Hydrogen sulfide stinks, but you knew that already, didn't you. Hydrogen sulfide is flammable, but you probably knew that too (and I won't ask how). But did you know hydrogen sulfide lowers blood pressure? and might protect the body from injury?
Helene Meyer Tvinnereim and a team of Norwegian scientists are collecting milk teeth from 100,000 kids to create what may be the world's largest tooth bank. A dental biomaterials researcher at U Bergen in Norway, Tvinnereim seeks to find links between diseases and prenatal/childhood exposure to chemicals. The normally discarded teeth function as a 'black-box' recording of the chemicals children are exposed to, and have excellent shelf-life when dried and stored. Of course, this is a lot easier to do when you have a streamlined national health-care and record keeping system.
In the early 1940s, Esmond Emerson Snell (1914-2003) was trying to figure out why baby chicks who were fed raw egg whites (I know.. how cruel..) showed symptoms of biotin deficiency despite having plenty of it in the diet.
'Have you quantified that?' Answering 'no' to this question will usually trigger a collective humph from the crowd at a scientific meeting. We don't want to know that there's more or less of some biological activity unless you can say exactly how much different it is from normal.
During our show Who Am I? we got worried that spending so much time thinking about the 'self' would make us a little.. well.. self-centered. But what's wrong with that? Nothing really, but apparently we wouldn't do well on this puzzle.
Fluorescent microscopy can illuminate neurons genetically engineered to express fluorescent proteins. "Two-photon" microscopy is special because it lights up the fluorescent neurons only at the focal point allowing scientists to piece together multiple sections in order to obtain a 3D image.
So how does this "two-photon" technology produce fluorescence only at the focal point if the fluorescent laser beam is penetrating all of the surrounding tissue? The theory is that the chances of two low-energy photons hitting the fluorophore at the same time with enough energy to produce a fluorescent event are extremely slim.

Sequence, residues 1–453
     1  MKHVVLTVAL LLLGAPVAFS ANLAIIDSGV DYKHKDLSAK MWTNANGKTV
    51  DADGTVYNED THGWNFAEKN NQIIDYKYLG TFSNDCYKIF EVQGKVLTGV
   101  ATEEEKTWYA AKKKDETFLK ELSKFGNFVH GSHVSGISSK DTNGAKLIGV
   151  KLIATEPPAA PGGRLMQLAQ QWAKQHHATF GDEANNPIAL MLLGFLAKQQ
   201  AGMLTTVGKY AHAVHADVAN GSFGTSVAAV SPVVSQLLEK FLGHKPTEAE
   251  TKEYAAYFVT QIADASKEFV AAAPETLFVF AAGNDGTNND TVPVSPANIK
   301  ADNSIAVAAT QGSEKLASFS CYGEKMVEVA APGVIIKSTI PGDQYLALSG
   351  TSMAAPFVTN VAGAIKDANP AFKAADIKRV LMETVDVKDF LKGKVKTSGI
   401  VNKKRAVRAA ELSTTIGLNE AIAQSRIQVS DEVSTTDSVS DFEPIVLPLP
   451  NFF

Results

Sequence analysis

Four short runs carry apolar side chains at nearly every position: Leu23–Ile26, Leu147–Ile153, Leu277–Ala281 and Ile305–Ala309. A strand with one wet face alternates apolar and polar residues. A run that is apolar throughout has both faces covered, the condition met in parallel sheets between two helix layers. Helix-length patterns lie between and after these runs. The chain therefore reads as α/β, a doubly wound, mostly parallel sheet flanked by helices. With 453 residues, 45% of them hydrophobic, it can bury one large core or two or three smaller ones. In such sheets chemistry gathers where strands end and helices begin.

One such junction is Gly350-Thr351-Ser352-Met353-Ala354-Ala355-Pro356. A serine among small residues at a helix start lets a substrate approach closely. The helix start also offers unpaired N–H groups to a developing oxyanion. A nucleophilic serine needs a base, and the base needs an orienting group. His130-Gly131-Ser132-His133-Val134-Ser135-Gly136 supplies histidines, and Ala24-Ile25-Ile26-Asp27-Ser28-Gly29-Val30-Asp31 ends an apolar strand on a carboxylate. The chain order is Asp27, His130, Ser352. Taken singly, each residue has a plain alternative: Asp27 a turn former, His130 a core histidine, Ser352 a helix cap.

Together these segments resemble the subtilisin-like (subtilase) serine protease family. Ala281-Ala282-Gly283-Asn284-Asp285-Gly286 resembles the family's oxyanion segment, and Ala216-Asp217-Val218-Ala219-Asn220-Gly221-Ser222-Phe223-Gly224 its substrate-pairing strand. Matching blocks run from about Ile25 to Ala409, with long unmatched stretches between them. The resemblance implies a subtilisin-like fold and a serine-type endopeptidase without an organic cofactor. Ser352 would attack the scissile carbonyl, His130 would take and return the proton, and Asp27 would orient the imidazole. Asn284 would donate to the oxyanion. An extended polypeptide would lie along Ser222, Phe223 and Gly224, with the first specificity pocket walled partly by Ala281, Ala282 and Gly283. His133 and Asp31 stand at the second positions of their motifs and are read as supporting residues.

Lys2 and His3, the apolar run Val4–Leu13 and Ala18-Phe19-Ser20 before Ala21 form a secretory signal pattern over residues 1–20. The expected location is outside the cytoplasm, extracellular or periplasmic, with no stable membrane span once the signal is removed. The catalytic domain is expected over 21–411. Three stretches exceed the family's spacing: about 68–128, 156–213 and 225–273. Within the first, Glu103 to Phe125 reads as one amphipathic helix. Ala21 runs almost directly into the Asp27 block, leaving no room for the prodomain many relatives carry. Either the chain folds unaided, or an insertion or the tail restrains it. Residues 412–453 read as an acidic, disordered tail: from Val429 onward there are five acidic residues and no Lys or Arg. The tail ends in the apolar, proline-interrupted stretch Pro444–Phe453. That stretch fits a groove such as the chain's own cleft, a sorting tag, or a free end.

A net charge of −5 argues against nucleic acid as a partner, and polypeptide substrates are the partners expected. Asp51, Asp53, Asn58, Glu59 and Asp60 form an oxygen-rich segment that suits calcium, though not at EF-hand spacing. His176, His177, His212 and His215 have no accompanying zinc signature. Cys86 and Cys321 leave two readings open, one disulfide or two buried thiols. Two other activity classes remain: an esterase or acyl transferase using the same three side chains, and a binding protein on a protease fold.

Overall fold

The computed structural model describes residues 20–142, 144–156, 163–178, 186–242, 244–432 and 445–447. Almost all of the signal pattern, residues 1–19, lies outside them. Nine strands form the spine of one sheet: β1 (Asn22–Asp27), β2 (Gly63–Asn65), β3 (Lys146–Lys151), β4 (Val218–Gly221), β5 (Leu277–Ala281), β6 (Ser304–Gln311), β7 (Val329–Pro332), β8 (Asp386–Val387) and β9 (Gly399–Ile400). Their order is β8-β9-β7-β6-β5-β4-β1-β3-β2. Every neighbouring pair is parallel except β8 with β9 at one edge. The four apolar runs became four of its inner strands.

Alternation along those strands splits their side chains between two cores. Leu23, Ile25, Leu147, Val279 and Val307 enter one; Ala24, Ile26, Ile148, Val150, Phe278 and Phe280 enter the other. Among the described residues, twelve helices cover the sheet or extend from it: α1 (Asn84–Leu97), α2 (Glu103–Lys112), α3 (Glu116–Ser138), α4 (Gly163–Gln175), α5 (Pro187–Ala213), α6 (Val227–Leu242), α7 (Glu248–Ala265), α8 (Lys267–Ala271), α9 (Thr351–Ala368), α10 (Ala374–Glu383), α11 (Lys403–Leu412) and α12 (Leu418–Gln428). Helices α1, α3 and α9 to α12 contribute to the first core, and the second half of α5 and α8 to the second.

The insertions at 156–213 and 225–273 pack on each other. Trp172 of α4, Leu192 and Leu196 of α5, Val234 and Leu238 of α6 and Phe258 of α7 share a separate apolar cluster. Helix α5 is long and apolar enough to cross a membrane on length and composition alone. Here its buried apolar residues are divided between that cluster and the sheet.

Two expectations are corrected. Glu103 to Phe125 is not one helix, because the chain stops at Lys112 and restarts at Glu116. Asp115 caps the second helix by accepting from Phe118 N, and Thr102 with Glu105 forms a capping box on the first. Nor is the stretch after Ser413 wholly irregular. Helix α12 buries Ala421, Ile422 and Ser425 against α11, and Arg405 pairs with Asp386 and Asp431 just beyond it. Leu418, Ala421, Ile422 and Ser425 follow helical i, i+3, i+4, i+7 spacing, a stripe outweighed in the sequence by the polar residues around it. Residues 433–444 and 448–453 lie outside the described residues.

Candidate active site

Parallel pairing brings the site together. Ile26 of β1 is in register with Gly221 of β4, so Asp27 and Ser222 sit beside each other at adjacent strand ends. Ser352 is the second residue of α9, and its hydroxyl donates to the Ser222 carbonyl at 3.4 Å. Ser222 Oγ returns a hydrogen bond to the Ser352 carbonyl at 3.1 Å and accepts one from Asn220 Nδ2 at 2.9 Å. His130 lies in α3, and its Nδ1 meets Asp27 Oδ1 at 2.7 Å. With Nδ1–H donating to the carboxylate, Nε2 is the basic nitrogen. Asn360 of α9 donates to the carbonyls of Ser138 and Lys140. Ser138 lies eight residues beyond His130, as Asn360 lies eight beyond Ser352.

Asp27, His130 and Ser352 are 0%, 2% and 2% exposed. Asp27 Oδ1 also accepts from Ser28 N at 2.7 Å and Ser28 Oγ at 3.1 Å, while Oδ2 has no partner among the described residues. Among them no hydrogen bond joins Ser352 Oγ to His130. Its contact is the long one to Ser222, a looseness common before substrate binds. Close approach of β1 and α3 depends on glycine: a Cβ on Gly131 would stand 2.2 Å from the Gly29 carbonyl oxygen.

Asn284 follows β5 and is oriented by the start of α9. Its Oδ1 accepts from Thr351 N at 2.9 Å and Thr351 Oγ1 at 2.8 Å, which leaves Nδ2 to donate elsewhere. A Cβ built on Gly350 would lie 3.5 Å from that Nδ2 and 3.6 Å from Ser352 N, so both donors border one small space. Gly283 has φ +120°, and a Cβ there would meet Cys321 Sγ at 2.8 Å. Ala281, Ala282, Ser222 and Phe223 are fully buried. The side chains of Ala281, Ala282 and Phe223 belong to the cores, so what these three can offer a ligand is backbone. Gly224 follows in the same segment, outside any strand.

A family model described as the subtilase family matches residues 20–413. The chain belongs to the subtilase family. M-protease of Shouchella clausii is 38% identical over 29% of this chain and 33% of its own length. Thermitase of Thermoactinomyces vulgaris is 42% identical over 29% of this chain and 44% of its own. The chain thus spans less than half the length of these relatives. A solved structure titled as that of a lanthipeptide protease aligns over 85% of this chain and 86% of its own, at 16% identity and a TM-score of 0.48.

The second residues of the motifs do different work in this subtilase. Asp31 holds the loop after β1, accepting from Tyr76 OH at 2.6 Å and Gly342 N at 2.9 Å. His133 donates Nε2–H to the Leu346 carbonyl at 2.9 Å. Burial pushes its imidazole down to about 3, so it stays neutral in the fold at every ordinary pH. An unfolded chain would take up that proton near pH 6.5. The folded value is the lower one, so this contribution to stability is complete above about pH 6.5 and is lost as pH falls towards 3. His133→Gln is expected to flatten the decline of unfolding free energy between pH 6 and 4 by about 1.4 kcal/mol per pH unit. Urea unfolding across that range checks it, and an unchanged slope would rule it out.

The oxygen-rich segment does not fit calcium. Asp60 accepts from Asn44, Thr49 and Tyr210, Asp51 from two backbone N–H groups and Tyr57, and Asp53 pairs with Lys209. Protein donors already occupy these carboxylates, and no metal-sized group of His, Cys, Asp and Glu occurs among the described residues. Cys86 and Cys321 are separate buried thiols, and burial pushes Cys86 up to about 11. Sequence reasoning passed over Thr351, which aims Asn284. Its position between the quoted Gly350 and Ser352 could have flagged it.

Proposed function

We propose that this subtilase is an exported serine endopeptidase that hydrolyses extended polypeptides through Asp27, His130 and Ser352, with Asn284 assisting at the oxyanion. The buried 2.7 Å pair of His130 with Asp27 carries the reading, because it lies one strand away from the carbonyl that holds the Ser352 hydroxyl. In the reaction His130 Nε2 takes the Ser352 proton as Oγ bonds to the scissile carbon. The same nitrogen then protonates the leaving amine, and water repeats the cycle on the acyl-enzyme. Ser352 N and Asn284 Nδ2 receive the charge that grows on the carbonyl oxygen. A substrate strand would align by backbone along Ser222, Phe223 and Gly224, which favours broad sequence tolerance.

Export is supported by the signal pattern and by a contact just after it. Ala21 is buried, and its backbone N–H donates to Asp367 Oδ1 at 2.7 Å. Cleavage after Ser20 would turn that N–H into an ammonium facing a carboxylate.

Scientists communicate with pictures (graphs, images, flowcharts, etc) because it's often impossible to convey experimental results with just words. So a picture is truly worth a thousand words, right?
Over the course of human history, the methods used to determine if someone is telling the truth have ranged from horrific to downright silly. The legend of La Bocca della Verita holds that if someone fibs with their hand in the mouth, it gets bitten off.
Many of you probably remember last year's release of satellite images documenting human rights violations in Myanmar (Burma). Scientists have teamed together at the American Academy for the Advancement of Science (AAAS) to use sophisticated technology to alert us of the atrocities against civilians in Darfur, North Korea, and Burma. How else can we apply the tools of science to enhance human rights work?
In our research on the show Laughter, we came across Dr. Helen Pilcher's formula for writing hit British comedy.
x = (fl + no ) / p
where funniness (f) of the punchline times length of build-up (l) is added to the amount someone falls down (n) times the physical pain or social embarrassment (o for 'ouch'). All this is divided by the pun (p), which reduces laughter and produces more of a groan.
As Radiolab explores some of the tangents from our show on Deception, we've interviewed neuroscientists attempting to detect lies using changes in brain activity. But how do we see brain activity and get such colorful pictures of it? You might think it's based on neural electric activity. This is true for EEG but not for fMRI, which is used in the majority of these brain function studies. As Wired.com's Steve Silberman explains, it all starts with hemoglobin. Yes, the tiny protein responsible for carrying oxygen to the brain or any other organ for that matter, is the basis for studying brain activity.
We interviewed Dan Langleben while researching for our show on Deception. He says he can see differences in brain activity when a lie is told about a playing card in your pocket. He identified a few regions in the brain that changed in metabolism during a lie. That is, it seemed as though it took more energy for the brain to lie.
In our show (So Called) Life, we interviewed undergrads at MIT giving bacteria genes to make them smell minty fresh. If you are at all disquieted that such young minds are given such profound tools, sorry, bioengineers are getting ever younger. As part of a program designed to help teachers in NYC schools run a DNA transformation lab, I've seen 5th graders engineer bacteria to glow like a certain species of jellyfish found off the coast of Washington State.
Greek philosopher Heraclitus said 'Panta Rei', which means 'all things flow'. Rheology ('flow'-ology) is the study of viscoelastic materials like Jello that are a little bit liquid and a little bit solid. But even the most liquid of liquids have some solid character. And even the most solid of solids have some liquid character. Take those beautiful stained glass windows in gothic cathedrals. For a long time it was thought that these windows are thin at the top and thick at the bottom as a result of centuries of slow viscous flow. As it turns out, it would take much more than centuries for glass to flow (see comments below).
During the making of the show Deception, Radiolab explored the possibility of fMRI-based lie detectors. But what if we could detect lies remotely? What if we could know someone's lying without them knowing that we know they are... Well Britton Chance takes us one step closer to making science fiction a reality.